• and while that’s bad if youre a sailor because,

  • you know,

  • you lose your life,

  • it’s really bad if youre a mercantile capitalist

  • because you lost all your money.

  • But if you own one tenth of ten boats, your risk is much better managed.

  • [but is mischief managed?]

  • That kind of investment definitely increased wealth,

  • but it only affected a sliver of the population,

  • and it didn’t create a culture of capitalism.

  • Industrial Capitalism was something altogether different,

  • both in scale and in practice.

  • Let’s use Joyce Appleby’s definition of industrial capitalism:

  • "An economic system that relies on investment of capital in machines and

  • technology that are used to increase production of marketable goods.”

  • So,

  • imagine that someone made a Stan Machine. [lots of Stantastic possibilities there]

  • By the way, Stan,

  • this is a remarkable likeness.

  • And that Stan Machine could produce and direct ten times more episodes

  • of Crash Course than a human Stan. [not super sure Stan's not a robot, btw]

  • Well, of course,

  • even if there are significant upfront costs,

  • I’m going to invest in a Stan Machine,

  • so I can start cranking out ten times the knowledge.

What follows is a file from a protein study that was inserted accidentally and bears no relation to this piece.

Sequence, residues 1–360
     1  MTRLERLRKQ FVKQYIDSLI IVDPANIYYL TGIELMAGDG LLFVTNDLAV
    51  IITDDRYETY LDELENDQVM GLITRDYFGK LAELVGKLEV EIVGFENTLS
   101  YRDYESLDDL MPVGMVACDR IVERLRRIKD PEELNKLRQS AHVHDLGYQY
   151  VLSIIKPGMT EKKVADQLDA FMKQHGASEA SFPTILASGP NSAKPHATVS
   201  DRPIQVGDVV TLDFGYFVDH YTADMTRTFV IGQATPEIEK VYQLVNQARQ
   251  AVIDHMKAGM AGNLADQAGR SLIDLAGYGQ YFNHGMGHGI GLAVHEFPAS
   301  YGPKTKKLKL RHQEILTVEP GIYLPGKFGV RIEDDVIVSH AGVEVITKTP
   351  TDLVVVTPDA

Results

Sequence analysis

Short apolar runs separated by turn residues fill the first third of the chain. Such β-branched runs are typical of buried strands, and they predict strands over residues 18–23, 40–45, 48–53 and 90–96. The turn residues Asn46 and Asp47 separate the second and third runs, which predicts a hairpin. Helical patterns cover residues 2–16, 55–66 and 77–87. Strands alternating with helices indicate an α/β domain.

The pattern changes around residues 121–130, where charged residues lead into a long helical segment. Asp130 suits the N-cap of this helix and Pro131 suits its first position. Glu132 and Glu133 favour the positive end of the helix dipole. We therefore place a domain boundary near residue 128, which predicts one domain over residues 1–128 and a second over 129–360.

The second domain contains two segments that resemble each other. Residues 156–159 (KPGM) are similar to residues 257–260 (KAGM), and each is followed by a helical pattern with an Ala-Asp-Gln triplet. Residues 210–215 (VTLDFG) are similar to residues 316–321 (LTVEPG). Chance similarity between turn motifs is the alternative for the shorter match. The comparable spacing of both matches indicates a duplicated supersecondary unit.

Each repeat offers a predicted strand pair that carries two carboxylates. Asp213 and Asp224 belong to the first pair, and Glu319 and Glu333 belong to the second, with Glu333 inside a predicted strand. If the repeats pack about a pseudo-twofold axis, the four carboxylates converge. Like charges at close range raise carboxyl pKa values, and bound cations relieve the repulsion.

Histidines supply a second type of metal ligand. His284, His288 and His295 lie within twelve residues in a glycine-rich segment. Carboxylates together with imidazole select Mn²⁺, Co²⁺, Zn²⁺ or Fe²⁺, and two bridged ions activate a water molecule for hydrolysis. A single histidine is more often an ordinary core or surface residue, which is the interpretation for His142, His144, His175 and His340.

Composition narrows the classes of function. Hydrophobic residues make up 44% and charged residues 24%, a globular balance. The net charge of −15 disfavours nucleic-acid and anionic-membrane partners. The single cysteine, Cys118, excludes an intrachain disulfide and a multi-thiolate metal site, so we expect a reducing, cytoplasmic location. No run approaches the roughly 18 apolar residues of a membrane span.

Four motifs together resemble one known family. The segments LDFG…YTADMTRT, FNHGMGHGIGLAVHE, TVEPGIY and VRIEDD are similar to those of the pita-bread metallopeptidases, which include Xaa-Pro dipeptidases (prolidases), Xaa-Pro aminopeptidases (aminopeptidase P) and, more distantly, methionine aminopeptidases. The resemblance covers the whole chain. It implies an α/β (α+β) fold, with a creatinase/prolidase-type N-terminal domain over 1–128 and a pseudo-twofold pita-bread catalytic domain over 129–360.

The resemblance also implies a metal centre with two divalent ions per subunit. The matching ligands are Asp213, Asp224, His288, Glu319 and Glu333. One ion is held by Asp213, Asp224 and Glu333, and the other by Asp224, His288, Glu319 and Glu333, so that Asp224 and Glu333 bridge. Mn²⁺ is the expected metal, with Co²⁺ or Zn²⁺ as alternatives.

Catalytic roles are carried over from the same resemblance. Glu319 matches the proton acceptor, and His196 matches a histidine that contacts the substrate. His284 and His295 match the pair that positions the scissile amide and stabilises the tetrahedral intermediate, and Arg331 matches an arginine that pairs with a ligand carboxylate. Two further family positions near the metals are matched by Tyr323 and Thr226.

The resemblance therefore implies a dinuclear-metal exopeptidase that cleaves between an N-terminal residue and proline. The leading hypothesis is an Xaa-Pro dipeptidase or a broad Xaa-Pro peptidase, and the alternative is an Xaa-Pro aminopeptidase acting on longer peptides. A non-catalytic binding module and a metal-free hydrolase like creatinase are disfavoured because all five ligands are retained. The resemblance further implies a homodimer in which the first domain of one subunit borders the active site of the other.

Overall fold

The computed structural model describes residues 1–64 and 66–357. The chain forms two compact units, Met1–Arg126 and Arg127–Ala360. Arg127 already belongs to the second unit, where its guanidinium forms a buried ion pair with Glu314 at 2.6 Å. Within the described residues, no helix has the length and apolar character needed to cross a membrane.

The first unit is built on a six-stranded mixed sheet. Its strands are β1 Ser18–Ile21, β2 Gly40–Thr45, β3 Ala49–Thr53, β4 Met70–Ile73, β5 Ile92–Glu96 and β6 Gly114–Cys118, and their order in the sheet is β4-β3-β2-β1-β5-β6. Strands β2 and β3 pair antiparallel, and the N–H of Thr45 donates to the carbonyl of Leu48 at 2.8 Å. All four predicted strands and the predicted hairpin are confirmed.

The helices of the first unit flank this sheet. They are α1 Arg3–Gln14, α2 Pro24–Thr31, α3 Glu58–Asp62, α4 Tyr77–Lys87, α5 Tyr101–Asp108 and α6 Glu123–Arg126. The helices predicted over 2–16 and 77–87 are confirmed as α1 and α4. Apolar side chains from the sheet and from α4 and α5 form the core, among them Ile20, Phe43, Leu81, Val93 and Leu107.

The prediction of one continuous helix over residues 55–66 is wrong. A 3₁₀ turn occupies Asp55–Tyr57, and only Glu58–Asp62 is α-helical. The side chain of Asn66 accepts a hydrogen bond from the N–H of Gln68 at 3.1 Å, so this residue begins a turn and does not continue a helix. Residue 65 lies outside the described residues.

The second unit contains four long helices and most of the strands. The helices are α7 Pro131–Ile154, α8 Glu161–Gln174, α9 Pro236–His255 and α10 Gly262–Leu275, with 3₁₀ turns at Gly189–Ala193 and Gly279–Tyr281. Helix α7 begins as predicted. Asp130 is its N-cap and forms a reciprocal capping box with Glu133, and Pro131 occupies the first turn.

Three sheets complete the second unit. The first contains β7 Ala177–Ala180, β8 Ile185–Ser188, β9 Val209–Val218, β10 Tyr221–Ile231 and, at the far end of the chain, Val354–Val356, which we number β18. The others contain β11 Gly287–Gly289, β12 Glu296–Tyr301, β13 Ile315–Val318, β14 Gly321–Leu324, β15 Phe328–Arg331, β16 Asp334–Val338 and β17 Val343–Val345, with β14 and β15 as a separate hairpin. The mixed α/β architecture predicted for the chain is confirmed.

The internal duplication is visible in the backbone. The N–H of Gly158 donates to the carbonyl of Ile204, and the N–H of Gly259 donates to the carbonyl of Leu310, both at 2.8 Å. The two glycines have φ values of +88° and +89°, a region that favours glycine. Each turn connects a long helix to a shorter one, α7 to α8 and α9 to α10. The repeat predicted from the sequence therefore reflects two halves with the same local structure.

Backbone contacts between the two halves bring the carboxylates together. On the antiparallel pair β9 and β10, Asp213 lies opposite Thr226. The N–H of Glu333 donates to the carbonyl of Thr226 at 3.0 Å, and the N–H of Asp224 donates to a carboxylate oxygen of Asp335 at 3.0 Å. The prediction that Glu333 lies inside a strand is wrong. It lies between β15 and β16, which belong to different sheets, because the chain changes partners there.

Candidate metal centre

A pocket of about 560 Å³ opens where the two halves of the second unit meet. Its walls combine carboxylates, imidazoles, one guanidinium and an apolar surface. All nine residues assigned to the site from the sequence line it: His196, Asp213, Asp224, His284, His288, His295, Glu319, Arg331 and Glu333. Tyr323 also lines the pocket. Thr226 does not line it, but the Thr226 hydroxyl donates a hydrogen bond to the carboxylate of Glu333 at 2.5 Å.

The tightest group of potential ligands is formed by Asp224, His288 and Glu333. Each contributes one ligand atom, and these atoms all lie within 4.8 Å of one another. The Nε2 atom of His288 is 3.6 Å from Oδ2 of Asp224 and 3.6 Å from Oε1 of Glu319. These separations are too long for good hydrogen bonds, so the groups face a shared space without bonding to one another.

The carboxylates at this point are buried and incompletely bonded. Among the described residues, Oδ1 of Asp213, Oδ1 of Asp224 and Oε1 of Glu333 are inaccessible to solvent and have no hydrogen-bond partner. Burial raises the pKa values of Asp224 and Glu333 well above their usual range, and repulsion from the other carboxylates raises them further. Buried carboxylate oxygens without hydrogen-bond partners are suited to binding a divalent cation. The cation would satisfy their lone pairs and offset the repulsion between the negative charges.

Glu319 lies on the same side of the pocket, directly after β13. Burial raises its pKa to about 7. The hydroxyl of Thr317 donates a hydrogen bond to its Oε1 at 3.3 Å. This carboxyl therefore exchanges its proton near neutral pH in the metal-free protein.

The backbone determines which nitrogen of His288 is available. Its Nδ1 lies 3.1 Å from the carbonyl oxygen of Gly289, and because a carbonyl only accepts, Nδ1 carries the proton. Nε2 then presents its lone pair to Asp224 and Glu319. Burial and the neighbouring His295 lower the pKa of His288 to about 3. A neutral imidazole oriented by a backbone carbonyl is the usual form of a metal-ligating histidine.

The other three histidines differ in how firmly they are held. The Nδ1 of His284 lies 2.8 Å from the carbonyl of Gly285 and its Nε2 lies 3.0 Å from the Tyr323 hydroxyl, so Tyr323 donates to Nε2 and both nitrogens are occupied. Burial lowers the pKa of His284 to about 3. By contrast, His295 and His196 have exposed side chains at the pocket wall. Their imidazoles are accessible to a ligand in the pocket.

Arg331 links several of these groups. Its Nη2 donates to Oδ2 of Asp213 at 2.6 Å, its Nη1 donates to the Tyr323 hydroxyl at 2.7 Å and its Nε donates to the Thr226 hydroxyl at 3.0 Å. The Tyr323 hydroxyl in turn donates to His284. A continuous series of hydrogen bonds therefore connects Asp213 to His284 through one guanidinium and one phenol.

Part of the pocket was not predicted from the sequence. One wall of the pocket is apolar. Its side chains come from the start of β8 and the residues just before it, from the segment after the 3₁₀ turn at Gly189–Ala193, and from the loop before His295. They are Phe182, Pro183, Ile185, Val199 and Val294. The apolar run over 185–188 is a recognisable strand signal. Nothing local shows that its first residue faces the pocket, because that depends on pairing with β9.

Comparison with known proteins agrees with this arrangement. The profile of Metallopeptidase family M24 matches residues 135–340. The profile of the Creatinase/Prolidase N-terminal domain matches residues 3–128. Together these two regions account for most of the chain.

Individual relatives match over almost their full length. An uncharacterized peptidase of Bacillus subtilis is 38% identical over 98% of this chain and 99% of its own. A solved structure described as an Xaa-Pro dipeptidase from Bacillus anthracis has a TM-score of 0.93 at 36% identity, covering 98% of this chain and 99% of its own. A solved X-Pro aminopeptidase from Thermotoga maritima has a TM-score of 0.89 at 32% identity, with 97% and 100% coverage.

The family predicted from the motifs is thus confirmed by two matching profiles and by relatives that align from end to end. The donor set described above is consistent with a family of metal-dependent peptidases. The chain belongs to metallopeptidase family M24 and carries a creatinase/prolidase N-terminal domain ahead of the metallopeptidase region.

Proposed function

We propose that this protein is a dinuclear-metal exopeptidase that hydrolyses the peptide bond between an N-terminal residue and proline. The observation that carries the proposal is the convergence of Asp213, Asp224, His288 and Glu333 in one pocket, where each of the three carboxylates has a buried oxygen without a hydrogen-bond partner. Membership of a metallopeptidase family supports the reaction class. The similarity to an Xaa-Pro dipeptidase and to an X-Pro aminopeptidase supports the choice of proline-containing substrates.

• Stan,

  • are you focusing on the robot instead of me?

  • I am the star of the show! [sounds like unemployment, Stanimal]

  • Stan Bot,

  • youre going behind the globe.

  • So,

  • when most of us think of capitalism,

  • especially when we think about its downsides

  • (long hours, low wages, miserable working conditions,

  • child labor, unemployed Stans) [doing yo-yo tricks on the Indy streets]

  • that’s what were thinking about.

  • Now admittedly

  • this is just one definition of industrial capitalism among many,

  • but it’s the definition were going with.

  • Alright,

  • let’s go to the Thought Bubble.

  • Industrial capitalism developed first in Britain in the 19th century.

  • Britain had a bunch of advantages:

  • It was the dominant power on the seas

  • and it was making good money off of trade with its colonies,

  • including the slave trade.

  • Also,

  • the growth of capitalism was helped by the half-century of

  • civil unrest that resulted from the 17th century English Civil War.

  • Now,

  • I’m not advocating for civil wars or anything, but in this particular case

  • it was useful,

  • because before the war

  • the British crown had put a lot of regulations on the economy

  • complicated licenses, royal monopolies, etc.

  • but during the turmoil, it couldn’t enforce them,

  • which made for freer markets.

  • Another factor was a remarkable increase in agricultural productivity

  • in the 16th century.

  • As food prices started to rise,

  • it became profitable for farmers,

  • both large and small,

  • to invest in agricultural technologies that would improve crop yields.

  • Those higher prices for grain probably resulted from population growth,